Steve Chapman

Newt Gingrich has a lot going for him if he decides to run for president -- a famous name, a record of accomplishment, a knack for raising money and a rhetorical flair that appeals to his party's conservative base. It's almost enough to make you forget his central handicap, which is that he is Newt Gingrich.

Succeed Barack Obama in the White House? Given his latest news making, he has a better chance of replacing Charlie Sheen in "Two and a Half Men."

The chief problem is not that Gingrich has been through two divorces and is married to a woman with whom he was having an affair while married to his second wife. Last week, he did himself no good by attributing his lapses to excessive work and patriotism. But Americans don't care that much about sexual probity in politicians.

They elected Bill Clinton after Gennifer Flowers came forward to say she had an affair with him. Following his impeachment over the Monica Lewinsky affair, he left office with the highest approval rating of any outgoing president going back to Dwight Eisenhower.

No, Gingrich suffers from a worse flaw: He is a demagogue, and demagogues don't get elected president of the United States. They get TV attention, they sometimes get big crowds, they even win the occasional primary. But their only essential function is to fail.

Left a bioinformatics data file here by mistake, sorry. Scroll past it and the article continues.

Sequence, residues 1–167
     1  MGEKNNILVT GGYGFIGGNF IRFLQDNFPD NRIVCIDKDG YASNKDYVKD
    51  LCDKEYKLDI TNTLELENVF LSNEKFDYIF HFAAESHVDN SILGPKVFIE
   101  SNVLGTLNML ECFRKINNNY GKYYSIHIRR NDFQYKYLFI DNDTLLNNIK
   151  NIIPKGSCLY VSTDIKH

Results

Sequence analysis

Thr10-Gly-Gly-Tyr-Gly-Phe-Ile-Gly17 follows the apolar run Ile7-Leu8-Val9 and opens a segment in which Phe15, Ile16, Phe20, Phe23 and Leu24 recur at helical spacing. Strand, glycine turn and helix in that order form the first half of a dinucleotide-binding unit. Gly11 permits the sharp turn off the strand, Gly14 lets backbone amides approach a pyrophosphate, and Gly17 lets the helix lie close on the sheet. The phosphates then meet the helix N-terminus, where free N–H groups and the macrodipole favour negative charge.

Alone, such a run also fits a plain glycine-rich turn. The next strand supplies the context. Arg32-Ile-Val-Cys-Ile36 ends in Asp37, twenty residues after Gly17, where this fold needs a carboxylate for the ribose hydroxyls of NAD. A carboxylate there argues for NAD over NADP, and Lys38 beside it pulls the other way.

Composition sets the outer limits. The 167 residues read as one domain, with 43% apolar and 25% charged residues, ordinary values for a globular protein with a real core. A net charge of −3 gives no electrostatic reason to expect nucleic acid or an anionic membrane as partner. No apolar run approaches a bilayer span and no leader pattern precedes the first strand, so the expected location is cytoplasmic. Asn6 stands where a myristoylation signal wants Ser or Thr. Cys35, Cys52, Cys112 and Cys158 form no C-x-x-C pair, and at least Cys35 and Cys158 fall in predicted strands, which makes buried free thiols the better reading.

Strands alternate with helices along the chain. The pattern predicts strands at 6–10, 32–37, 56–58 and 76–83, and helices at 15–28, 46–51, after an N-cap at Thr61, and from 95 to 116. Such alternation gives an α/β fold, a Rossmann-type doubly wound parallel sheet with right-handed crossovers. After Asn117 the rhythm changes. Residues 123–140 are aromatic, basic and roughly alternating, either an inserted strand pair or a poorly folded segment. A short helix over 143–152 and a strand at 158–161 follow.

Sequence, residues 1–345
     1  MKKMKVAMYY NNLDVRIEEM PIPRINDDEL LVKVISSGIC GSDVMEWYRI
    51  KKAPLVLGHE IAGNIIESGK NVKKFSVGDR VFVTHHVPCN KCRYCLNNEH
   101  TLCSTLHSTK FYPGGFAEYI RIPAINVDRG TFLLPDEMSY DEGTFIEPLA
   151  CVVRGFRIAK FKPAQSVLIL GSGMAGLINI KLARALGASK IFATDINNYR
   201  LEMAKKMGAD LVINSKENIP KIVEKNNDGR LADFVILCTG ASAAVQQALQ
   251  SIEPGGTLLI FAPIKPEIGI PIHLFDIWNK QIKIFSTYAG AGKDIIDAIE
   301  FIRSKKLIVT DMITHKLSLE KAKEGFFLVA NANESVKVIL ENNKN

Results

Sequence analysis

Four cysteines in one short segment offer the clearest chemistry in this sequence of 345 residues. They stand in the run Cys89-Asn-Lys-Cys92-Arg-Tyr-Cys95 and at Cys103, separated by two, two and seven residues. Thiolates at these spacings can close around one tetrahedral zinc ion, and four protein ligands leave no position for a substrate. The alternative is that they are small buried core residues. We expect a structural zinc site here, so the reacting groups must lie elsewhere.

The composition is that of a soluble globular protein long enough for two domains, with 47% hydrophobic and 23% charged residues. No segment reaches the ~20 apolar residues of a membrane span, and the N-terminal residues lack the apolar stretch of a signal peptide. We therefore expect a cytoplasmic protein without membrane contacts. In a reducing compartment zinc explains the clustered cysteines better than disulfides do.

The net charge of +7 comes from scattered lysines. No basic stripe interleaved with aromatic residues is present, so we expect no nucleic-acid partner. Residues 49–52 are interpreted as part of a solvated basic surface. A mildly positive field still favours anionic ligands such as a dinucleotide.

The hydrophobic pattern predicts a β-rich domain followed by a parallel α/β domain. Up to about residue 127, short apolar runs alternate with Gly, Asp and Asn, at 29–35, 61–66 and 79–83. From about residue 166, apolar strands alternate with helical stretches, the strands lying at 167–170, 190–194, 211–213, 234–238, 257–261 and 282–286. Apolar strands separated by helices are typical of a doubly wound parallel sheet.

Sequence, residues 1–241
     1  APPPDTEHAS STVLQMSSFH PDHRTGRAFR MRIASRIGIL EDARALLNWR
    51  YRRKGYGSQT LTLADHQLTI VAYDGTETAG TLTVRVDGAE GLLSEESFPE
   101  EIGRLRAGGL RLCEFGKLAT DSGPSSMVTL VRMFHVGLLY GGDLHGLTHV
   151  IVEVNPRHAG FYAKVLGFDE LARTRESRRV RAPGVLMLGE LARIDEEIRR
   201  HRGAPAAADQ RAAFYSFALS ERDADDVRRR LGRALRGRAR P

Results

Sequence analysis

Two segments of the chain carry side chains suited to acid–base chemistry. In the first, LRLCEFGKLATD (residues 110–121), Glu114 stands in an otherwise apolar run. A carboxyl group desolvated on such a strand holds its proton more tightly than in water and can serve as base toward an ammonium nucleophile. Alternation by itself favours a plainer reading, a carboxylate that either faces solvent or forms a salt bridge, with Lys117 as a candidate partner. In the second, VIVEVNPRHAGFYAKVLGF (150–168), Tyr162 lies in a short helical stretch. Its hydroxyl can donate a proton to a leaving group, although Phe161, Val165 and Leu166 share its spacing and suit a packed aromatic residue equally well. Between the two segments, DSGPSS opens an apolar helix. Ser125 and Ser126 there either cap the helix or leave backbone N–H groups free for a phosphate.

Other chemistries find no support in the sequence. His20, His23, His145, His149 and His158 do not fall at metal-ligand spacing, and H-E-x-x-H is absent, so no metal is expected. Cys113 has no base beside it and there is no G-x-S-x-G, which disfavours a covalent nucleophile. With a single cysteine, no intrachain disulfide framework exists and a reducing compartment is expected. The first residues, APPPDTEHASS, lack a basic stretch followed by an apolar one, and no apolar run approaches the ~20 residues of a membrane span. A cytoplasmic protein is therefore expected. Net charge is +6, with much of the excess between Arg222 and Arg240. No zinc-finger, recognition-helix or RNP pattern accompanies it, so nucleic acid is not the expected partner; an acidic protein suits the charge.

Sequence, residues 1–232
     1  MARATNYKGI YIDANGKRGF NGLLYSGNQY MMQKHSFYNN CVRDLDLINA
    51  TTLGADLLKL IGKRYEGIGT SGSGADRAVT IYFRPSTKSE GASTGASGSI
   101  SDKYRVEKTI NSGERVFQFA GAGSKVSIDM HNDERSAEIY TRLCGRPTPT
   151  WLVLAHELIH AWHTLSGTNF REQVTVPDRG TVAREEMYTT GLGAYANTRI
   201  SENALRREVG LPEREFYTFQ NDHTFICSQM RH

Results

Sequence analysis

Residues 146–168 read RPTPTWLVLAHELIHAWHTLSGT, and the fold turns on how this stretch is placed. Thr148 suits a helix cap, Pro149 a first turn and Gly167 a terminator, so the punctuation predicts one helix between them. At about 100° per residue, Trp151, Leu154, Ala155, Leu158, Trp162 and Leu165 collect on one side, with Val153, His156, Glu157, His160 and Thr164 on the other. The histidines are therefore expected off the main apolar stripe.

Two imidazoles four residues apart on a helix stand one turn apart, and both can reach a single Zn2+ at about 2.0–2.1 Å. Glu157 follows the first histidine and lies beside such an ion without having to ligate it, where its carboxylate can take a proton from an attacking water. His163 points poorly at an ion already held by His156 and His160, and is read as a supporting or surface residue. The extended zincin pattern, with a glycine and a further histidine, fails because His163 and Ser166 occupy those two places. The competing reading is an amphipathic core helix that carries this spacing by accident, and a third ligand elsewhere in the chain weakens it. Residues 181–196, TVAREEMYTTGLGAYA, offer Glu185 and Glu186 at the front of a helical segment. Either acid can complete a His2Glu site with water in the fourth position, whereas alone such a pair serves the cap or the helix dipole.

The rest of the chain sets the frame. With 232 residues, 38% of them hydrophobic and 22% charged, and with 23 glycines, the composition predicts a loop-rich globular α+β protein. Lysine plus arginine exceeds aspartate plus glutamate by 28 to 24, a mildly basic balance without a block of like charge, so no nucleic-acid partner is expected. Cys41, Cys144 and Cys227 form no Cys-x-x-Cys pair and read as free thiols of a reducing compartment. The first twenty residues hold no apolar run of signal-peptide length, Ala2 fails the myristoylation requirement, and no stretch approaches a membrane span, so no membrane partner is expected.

The presidential historian Richard Norton Smith, in a telephone conversation, says demagoguery can be defined as "extremism married to flamboyance, and it helps if you have delusions of grandeur." Those qualities, conspicuous in Gingrich, have shown up in other demagogues who aspired to the White House.

There was Alabama Gov. George Wallace, who railed against "anarchists" and "pseudo-intellectuals" while threatening treason charges for antiwar protesters. In 1968, he got 13 percent of the vote and carried five Southern states -- a strong showing for a third-party candidate, but nothing more.

There was Pat Buchanan, who ran in the Republican primaries in 1992 and 1996 excoriating gays, atheists and illegal immigrants, winning New Hampshire on his second try. But in the end, Republican voters overwhelmingly went for establishment candidates.

So poorly have rabble-rousers fared in actual presidential contests that they rarely even show up anymore, except in peripheral roles -- as with Republican Alan Keyes and Democrat Al Sharpton. There is no market for them.

The Republican Party, for all its conservative bent, has consistently passed up hard-core right-wingers in favor of comparative centrists, like Bob Dole in 1996 and George W. Bush in 2000. The party's base rarely gets its heart's desire.

Steve Chapman

Steve Chapman is a columnist and editorial writer for the Chicago Tribune.

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